But this "logical moment" of Lacan’s development "finds its stopping point […] in Seminar XX Encore, chapter VIII, when Lacan throws his hands up […] and formulates that the object a cannot "sustain itself in approaching the real" (7). This is where Jacques-Alain Miller commences on the last Lacan. "There is a second version of the real, not the end version. There is the version that Lacan calls the sinthome. […] it is really something else, since the sinthome is a system. It is well beyond the bit of the real […] it is the real and its repetition." (8)
Illnesses of Mentality
To enter into this new perspective of the body in the last Lacan, I want to comment on the phrase 'illnesses of mentality' mentioned in the argument of the NLS 2021 Congress on 'the bodily effects of language'.
It is used by Jacques-Alain Miller in a 1977 text (9) on the presentation of Lacan's patients. In particular, it is a commentary on a presentation made by Lacan in 1976, i.e. at the time of Seminar XXIII, The Sinthome, and therefore during the period that Jacques-Alain Miller would call a few years later "Lacan's last teaching".
I take up the case of which Lacan says that it is "as one of those normal psychotics who make up our environment". This first remark is not without reminding us, of course, of what Jacques-Alain Miller will later formulate as ordinary psychosis.
The patient describes herself as disarrayed. I quote: "I always have problems with my employers, I do not accept being given orders when there is a job to do, nor having a schedule imposed on me I like to do what I like, I tear up my pay slips, I have no references, I am looking for a place in society, I no longer have a place […]"
But above all she perpetually floats in the most elementary imaginary reference points. I quote her again: "I am neither a true nor a false patient, I have identified myself with several people who do not resemble me, I would like to live as a dress" There is no constituted Ego, in the Freudian sense, no imaginary identification, no body image. She is in pure semblance. Jacques-Alain Miller writes: "She was perpetually floating, as she very lucidly expressed in a remarkable formula: 'I am my own part-time employee’. A mother, she wanted to "resemble a mother", and when Lacan evoked her child, from whom she is separated, by showing a photograph, she did not respond."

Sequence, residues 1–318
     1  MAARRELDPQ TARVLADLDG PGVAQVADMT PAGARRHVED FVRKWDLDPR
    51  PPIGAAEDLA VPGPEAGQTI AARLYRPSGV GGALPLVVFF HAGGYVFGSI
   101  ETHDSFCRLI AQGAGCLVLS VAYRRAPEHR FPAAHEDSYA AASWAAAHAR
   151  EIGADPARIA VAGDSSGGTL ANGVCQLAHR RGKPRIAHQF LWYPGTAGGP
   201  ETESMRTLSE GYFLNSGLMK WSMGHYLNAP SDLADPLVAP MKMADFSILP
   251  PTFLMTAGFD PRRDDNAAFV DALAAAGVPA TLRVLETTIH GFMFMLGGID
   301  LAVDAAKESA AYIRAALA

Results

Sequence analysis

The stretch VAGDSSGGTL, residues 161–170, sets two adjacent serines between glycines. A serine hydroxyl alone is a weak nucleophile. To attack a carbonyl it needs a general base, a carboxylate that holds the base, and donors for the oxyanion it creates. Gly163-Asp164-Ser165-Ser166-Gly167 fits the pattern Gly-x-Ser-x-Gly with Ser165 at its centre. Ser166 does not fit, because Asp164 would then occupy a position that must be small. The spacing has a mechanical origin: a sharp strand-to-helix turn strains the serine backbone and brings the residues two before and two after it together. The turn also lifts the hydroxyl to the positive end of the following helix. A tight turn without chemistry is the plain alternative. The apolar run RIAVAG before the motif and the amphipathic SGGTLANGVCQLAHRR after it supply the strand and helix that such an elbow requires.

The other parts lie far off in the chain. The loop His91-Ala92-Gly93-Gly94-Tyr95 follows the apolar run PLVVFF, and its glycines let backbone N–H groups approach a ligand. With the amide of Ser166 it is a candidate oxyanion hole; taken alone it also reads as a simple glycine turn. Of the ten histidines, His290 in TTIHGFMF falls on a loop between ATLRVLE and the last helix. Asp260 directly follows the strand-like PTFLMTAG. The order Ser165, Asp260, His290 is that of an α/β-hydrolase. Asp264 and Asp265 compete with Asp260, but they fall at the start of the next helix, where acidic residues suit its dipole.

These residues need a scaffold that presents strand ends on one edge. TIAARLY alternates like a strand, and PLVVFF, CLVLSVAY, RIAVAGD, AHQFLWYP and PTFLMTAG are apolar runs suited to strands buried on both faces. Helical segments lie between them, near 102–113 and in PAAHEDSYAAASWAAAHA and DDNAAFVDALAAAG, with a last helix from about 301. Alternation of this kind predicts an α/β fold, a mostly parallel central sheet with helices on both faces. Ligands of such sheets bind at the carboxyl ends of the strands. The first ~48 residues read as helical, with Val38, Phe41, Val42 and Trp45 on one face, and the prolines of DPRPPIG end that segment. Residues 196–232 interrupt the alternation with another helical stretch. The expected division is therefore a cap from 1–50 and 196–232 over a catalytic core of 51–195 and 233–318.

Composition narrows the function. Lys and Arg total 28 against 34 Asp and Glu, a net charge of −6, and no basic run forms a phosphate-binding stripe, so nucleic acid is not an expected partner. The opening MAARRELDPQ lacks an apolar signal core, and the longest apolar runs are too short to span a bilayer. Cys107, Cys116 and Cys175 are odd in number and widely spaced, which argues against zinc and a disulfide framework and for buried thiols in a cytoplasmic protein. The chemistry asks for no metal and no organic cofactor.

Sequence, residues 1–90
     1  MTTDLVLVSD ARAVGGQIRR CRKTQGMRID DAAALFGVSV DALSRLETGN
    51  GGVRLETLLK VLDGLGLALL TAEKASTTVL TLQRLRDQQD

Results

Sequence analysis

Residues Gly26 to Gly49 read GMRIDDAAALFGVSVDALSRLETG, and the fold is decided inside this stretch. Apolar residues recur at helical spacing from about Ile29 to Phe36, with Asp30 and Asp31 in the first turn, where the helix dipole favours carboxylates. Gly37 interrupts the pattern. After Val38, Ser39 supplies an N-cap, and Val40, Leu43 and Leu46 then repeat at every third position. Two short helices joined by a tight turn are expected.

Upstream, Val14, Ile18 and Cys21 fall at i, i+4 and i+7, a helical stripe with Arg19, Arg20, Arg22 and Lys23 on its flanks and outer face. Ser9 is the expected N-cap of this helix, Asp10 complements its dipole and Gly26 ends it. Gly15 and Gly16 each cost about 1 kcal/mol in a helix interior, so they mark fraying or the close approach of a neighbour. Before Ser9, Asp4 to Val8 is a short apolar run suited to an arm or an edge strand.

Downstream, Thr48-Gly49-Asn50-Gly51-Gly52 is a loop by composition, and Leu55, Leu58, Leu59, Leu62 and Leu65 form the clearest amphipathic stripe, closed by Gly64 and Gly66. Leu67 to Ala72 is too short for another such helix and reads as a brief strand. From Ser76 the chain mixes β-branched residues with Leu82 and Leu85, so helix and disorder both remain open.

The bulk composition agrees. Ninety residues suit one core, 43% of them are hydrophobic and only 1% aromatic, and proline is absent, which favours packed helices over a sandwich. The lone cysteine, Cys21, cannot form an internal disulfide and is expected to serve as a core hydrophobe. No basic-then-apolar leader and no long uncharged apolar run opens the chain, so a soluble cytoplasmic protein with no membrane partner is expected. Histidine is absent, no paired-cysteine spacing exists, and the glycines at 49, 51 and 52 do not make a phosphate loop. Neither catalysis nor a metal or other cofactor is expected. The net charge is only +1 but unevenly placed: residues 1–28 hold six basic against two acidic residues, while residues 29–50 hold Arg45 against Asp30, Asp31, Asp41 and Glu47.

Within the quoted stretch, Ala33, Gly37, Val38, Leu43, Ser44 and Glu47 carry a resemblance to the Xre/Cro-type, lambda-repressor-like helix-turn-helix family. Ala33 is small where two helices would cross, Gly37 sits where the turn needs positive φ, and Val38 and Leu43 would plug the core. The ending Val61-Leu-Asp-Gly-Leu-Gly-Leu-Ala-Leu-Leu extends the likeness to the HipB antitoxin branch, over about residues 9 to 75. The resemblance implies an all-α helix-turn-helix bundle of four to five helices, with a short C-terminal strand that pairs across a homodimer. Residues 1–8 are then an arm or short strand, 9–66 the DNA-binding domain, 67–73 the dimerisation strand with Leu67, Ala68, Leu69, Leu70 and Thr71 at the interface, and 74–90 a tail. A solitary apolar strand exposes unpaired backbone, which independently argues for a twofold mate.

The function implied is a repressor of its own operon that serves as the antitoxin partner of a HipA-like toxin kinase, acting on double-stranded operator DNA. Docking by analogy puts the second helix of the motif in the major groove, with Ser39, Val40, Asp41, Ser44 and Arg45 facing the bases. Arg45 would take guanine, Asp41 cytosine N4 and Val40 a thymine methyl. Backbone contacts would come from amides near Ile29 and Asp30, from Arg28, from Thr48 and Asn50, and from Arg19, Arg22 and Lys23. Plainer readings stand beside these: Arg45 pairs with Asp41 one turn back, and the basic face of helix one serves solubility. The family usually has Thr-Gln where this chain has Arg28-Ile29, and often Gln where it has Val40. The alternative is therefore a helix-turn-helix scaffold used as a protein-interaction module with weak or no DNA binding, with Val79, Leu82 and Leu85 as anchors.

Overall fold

Lacan says this: "This person hasn't the least idea of the body that she is putting into this dress. There is no one to inhabit her clothing".
It is this case, which, with Lacan's comments, Miller points out as an "illness of mentality" and he adds "our clinic requires us to distinguish between illness of mentality and those of the Other. The first are related to the emancipation of the imaginary relation, the reversibility of a-a' [ego and object] troubled at no longer being subject to symbolic scansion. These are the illnesses of being that approach pure semblance."
This is to be distinguished then from the illness of the Other, those where there is conviction, certainty, where the subject does not float but has to deal with a complete or perfect or wicked Other, even if it means being reduced to waste. This opposition between illness of mentality and illness of the Other is not simply superimposed on the couple schizophrenia-paranoia, but rather corresponds to two models: Joyce and Schreber, which are the two landmarks of psychosis that Lacan takes respectively in his last teaching and in his classical period.
The illness of mentality is that in which the imaginary body disappears, unsupported by the dimension of the word. Jacques-Alain Miller ends his text on the patient presentation by specifying: "Mental illness is serious when the subject has a certitude: it is the illness of the unbarred Other, […] The illness of mentality, if it is not serious, does not take the word seriously either."